Residents, Businesses in Flood-Damaged Area Work to Recover

By Bill Estep | March 29, 2021

BEATTYVILLE, Ky. (AP) — Thursday afternoon, workers were repairing the walls at Amy Jones’ physical therapy office in Beattyville. On up Main Street, employees were carrying a shiny new steam table into Los Two Brothers Mexican restaurant. Nearby, Anthony Saat was scrubbing walls in the building where his girlfriend plans to reopen her Red River Tattoo Company.

It was just another day of digging out from one of the worst floods on record.

“They’re every day hustling,” Lee County Judge-Executive Chuck Caudill Jr. said of the recovery effort.

The Kentucky and other rivers and tributaries surged out of their banks nearly a month ago after heavy rainfall, causing flooding across a region that included Estill, Breathitt, Owsley, Powell, and Clay counties.

The state has not finished cataloging the damage but has received reports of damage to a record number of homes.

Lee County, where the three forks of the Kentucky River come together, got some of the worst of it.

At one point on March 1, water was several feet deep in downtown Beattyville. Several residents said it was the worst flood in more than 60 years.

The water came up quickly, preventing residents and business owners from saving much.

Tom Jones, an attorney and former circuit judge, said he went to his office early on March 1 to try to save books and equipment but had to leave much of it behind because of concern about getting trapped in the office by the fast-rising water.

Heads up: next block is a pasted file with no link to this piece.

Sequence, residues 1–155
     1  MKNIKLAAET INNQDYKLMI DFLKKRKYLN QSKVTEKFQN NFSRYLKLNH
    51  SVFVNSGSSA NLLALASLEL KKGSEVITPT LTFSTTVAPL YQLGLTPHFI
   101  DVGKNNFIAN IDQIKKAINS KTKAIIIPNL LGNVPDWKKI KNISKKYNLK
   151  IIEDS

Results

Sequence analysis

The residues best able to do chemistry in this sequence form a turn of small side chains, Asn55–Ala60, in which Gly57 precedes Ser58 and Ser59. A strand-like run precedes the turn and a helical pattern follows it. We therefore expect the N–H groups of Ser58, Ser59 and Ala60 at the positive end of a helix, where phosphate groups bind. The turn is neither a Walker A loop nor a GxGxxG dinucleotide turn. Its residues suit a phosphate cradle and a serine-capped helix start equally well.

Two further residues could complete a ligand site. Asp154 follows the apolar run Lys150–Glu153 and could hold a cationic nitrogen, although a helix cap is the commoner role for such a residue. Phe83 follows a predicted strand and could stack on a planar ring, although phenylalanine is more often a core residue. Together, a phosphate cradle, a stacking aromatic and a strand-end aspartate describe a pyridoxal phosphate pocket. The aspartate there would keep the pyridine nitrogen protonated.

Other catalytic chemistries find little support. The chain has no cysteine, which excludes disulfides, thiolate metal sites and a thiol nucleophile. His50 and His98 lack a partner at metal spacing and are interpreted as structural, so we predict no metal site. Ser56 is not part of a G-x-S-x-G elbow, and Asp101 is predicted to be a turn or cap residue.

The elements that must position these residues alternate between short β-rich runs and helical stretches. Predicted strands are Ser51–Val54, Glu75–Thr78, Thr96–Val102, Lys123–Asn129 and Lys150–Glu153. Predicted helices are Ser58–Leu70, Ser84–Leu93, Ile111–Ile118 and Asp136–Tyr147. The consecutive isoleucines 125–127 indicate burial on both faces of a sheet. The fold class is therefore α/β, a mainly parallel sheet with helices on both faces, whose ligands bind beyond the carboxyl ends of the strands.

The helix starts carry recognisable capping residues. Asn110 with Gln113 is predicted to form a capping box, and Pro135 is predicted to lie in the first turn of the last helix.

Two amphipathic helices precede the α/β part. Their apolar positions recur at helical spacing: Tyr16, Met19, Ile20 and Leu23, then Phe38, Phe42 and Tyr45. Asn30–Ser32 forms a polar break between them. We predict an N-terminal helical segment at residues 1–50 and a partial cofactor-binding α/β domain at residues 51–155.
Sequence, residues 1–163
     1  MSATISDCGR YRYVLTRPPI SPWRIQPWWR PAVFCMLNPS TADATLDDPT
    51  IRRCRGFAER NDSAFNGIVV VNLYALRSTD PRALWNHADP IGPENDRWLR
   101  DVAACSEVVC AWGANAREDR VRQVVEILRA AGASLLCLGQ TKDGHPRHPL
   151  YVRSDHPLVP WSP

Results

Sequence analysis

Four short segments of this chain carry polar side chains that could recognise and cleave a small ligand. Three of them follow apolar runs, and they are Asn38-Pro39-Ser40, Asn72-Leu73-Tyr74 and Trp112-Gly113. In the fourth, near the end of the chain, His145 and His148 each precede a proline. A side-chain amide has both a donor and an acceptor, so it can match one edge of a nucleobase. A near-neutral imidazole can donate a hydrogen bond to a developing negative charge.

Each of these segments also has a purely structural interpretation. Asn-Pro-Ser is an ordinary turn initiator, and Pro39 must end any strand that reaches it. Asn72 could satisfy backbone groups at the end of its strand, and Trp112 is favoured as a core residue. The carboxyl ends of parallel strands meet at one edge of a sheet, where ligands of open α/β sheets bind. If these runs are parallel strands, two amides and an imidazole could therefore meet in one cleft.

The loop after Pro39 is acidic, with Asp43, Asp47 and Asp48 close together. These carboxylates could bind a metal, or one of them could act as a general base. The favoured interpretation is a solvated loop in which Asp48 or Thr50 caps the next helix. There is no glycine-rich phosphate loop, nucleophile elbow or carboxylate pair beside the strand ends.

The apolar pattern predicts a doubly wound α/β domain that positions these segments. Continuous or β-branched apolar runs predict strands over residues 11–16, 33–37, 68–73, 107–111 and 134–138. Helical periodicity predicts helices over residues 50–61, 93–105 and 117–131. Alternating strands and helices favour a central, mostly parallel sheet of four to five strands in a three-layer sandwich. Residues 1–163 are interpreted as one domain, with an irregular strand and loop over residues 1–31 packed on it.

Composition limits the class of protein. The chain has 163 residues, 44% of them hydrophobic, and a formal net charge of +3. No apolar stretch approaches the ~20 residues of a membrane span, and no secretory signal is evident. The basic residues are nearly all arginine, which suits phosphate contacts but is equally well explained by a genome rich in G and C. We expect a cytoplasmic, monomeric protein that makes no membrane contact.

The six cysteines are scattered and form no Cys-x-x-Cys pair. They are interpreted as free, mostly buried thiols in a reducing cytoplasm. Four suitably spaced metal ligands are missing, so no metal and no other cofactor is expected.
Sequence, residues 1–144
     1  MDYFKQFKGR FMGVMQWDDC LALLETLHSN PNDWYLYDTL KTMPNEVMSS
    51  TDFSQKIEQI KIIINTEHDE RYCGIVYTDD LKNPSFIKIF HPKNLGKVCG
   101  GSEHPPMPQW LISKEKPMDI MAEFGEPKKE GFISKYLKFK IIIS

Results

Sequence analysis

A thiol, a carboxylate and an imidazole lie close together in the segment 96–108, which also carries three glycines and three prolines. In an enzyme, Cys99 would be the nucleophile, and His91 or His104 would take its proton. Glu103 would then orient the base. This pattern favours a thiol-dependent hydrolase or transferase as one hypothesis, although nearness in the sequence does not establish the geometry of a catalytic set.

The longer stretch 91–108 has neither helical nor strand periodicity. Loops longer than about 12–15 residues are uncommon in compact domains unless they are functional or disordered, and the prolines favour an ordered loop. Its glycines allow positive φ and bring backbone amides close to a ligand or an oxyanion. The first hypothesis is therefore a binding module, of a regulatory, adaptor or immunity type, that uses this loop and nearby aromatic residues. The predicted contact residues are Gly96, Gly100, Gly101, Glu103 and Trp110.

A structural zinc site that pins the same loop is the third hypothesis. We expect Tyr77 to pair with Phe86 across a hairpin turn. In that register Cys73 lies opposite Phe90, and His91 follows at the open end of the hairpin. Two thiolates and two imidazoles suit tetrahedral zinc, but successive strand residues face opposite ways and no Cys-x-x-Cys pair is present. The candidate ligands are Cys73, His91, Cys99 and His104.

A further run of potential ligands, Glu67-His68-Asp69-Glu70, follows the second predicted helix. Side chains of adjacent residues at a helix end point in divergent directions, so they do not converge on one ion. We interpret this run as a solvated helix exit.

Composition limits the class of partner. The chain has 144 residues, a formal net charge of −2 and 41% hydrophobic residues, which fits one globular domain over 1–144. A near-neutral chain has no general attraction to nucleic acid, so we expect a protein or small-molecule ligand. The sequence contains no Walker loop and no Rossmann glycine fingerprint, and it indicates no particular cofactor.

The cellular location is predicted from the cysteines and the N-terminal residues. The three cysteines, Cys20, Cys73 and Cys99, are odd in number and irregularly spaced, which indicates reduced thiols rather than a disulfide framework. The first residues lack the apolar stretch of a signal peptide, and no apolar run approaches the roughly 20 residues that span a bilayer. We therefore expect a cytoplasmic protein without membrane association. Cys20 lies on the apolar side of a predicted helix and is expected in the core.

“We had so little time,” he said.

Jones’ office is in the same 100-year-old building as his wife’s physical therapy business; the floor in her office is lower, and the water reached a depth of 7 feet there, Jones said.

Though reports are still coming in, officials so far estimate 50 homes in the county were damaged so badly that people can’t move back in, Caudill said.

Teresa Mays, director of the Beattyville Downtown Alliance, said 35 to 40 businesses were affected.

Once the water receded, people got down to the weary work of cleaning mud from homes, stores and streets, pulling up sodden carpet, tearing out drywall, and throwing away damaged furniture, equipment and stock.

In the days after the flood, debris from businesses was piled on sidewalks downtown, and large trash containers the city set out on mud-covered streets overflowed.

Now, most of the trash containers are gone and the streets are much cleaner.

“I’m impressed. I didn’t think it would look this good this soon,” said Tyler Phillips, the circuit clerk and a captain with Lee County Search & Rescue.

`You Have To Clean Again And Again And Again’

There is still cleanup going on, but several businesses have turned to the work of installing new electrical outlets and panels, replacing drywall, putting on fresh paint and buying new equipment.

Debbie Dunaway got her business, Beattyville Florist, open on Wednesday after weeks of cleaning and painting.

“You clean and then you have to clean again and again and again,” she said. “We just had to get back open. That’s what puts food on the table.”

William Campbell, who has a barber shop on Main Street where the floodwaters reached a depth of just over 5 feet, 7 inches, said he was able to reopen a week after the flood with equipment on loan from his father, also a barber.

He wanted to get back in business quickly so he wouldn’t lose his customers, so he hasn’t finished fixing the walls or cleaned out the storage room.

“My stuff’s clean. My floor’s clean. That’s what matters,” Campbell said.

Jessica Hernandez, owner of the Los Two Brothers restaurant, said when the manager, Lexi Townsend, called her on Sunday evening, Feb. 28, to say the water was coming up, she thought the flooding would be inconvenient, not devastating.

She ended up losing thousands of dollars worth of food, supplies and equipment.

It cost $10,000 just to re-stock food and supplies, she said, but the restaurant was on track to re-open Friday after almost a month out of business.

“We’re seeing the light at the end of the tunnel,” Hernandez said.

`We’re Really Starting From Scratch’

Other businesses are still weeks from finishing repairs.